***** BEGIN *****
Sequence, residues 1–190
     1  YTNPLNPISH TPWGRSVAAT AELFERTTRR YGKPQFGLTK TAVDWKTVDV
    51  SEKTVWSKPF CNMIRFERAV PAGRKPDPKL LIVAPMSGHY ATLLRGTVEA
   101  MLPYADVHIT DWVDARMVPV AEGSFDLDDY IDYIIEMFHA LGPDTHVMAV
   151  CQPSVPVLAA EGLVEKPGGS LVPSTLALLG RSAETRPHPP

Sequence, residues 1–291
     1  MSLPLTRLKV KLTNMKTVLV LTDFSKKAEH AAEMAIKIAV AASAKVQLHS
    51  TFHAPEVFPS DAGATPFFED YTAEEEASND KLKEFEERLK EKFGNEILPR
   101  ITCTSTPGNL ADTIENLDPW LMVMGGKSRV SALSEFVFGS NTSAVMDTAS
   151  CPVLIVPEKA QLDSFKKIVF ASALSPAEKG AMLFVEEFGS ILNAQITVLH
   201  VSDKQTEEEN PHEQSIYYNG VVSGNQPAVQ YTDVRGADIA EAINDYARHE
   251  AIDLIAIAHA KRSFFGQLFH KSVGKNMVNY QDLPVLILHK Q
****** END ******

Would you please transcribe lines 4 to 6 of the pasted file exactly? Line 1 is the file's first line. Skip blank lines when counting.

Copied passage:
   101  MLPYADVHIT DWVDARMVPV AEGSFDLDDY IDYIIEMFHA LGPDTHVMAV
   151  CQPSVPVLAA EGLVEKPGGS LVPSTLALLG RSAETRPHPP

Sequence, residues 1–291